Featured Child


http://r2bfoundation.org/stories/owen/Owen1.jpg Owen Sedey

Dr. Robert Campbell of  Children’s Hospital of Philadelphia

  Owen’s Story was  Submitted by: Sara Sedey

Owen was born in March of 2010, with a rare disease called Escobar Syndrome (Multiple Pterygium Syndrome) which is the genetic form of Arthrogryposis.  When we were first told of his diagnosis, we were informed that he has the lethal variant of Escobar Syndrome.  However, our doctors assured us that clinically, he was doing fine and that the only thing that could get in Owen’s way in the long run, were his lungs.  Some of the symptoms of Escobar Syndrome are contracted joints, webbing, scoliosis, and chest wall deformities.  Owen has all of the above.  His scoliosis was very severe and his chest wall was quite deformed. When Owen was less than a year, we noticed he wasn’t gaining enough weight despite having a healthy appetite.  Owen is a twin and his brother Caleb was gaining rapidly.  Our orthopedist at NYU put us in touch with Dr. Robert Campbell to discuss possible thoracic insufficiency.  We met with Dr. Campbell at Children’s Hospital of Philadelphia.  He ordered pulmonary function tests and a Dynamic MRI to assess Owen’s lung/chest condition.  While Owen’s lungs were functioning normally despite the scoliosis and chest wall deformities,  his lungs had no room to grow larger and eventually they would not be able to function at a normal capacity.  At that time, it was decided that Owen would have VEPTRs placed, however, we needed to get his weight up so that he could support the rods.  Owen had a g-tube inserted and in June of 2011, when he was at a healthy weight, Owen had his left VEPTR placed.  In October of 2011, he had his right VEPTR placed and his left VEPTR expanded.  Dr. Campbell was able to get a significant amount of space in Owen’s chest wall for lung growth and we are all hopeful that Owen’s lungs will grow now and use that space.  Owen is scheduled for another expansion on February 15, 2012. Owen’s VEPTR rods potentially mean the difference between life and death for Owen.  And they certainly mean that he will lead a life that is far more active, far more similar to his brothers (Caleb and big brother Gavin) and far less debilitating than it would be if he couldn’t breathe.  We have hopes that Owen will be able to walk and be self-sufficient someday.  The VEPTR is life changing.  Dr. Campbell has given Owen’s lungs the chance to function like yours or mine. It’s nothing short of amazing. Owen is approaching two.  He is happy.  He loves to dance and play with his brothers. He loves Elmo.  He loves music.  He makes us happy every single day and is an inspiration to our family.  He has come so far in so little time, I can only imagine what is ahead of him.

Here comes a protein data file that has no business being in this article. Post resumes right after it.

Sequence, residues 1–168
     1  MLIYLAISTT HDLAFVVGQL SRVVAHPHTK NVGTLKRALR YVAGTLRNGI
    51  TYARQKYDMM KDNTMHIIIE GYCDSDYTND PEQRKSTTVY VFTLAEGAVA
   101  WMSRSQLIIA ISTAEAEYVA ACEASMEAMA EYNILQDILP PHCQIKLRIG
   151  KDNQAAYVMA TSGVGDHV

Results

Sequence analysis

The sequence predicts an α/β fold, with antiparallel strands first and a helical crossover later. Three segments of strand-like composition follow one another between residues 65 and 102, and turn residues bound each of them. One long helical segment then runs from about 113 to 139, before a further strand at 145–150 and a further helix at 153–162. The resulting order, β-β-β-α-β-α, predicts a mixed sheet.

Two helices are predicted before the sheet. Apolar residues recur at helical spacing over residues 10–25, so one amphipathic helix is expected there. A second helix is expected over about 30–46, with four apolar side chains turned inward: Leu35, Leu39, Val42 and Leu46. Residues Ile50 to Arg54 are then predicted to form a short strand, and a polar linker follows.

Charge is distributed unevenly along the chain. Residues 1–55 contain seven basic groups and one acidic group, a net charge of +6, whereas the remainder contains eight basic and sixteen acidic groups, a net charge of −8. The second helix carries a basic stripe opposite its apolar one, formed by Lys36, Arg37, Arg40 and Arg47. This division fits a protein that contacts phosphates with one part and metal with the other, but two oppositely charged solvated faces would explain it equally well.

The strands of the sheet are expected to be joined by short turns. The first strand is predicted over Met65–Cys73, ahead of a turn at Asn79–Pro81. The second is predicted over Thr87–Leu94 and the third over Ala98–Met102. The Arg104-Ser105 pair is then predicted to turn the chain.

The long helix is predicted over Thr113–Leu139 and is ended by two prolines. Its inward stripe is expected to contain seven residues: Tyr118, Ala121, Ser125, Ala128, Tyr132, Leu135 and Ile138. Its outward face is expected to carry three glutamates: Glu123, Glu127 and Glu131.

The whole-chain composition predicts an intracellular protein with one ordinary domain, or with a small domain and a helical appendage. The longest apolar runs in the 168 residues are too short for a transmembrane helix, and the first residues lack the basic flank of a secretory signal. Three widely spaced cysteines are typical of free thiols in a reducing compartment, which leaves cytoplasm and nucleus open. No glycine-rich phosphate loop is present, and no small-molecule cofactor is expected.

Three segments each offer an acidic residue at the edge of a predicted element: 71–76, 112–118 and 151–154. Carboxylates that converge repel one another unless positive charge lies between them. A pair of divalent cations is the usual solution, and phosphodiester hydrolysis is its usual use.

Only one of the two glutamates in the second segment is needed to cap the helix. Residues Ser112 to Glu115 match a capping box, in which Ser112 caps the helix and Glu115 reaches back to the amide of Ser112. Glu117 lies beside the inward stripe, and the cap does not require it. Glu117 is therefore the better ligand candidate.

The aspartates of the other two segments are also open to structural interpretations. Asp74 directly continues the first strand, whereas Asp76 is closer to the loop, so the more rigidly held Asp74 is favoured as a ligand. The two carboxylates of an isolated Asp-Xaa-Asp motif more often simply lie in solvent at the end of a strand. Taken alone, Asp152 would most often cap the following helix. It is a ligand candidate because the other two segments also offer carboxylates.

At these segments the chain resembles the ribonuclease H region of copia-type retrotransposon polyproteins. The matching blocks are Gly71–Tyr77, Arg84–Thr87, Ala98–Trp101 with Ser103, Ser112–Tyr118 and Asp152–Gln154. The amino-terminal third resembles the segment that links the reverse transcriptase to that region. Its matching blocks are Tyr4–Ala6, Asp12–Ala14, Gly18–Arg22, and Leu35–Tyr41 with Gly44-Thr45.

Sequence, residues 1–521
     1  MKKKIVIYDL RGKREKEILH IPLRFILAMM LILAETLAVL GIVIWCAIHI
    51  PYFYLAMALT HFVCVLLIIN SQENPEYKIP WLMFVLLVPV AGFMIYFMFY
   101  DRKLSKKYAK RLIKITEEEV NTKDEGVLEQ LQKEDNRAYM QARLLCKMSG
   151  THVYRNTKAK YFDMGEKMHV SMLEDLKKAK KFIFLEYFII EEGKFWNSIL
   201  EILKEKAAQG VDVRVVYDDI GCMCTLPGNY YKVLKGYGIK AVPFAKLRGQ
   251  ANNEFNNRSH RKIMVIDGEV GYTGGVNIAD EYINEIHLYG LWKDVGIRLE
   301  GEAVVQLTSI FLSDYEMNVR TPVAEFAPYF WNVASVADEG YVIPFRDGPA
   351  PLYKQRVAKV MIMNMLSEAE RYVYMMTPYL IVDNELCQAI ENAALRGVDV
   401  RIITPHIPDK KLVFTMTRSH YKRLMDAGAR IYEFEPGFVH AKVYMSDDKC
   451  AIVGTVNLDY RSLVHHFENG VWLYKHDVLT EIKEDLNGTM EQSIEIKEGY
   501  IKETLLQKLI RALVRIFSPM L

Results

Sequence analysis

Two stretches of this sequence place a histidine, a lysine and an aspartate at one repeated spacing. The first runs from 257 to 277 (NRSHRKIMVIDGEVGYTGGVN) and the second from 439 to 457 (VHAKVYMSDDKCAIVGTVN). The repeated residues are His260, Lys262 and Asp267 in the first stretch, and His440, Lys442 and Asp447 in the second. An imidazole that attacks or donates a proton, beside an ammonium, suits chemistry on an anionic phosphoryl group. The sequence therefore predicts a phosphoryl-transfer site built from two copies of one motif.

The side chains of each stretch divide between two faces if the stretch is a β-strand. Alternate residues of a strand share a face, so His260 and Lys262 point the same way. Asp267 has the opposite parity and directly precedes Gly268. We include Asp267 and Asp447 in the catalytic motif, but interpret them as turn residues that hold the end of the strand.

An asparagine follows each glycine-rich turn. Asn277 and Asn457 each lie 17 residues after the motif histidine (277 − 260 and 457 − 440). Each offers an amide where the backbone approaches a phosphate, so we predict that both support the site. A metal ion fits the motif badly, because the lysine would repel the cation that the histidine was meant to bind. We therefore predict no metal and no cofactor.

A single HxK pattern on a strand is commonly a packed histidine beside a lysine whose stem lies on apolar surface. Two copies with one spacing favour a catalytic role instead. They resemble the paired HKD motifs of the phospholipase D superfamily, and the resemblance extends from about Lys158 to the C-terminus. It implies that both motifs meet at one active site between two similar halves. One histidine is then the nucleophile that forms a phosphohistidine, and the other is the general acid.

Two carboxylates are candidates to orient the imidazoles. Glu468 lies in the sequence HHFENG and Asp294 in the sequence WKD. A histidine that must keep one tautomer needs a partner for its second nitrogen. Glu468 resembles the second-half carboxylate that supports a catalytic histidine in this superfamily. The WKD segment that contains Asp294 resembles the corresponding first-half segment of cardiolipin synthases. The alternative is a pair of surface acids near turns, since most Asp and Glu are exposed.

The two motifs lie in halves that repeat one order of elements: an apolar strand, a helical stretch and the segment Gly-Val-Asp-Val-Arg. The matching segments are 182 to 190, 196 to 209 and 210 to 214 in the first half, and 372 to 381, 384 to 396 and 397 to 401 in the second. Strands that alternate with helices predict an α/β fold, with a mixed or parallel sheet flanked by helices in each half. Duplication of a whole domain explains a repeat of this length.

Owen’s Family Photo’s:


my boys.jpg

Owen and his brothers

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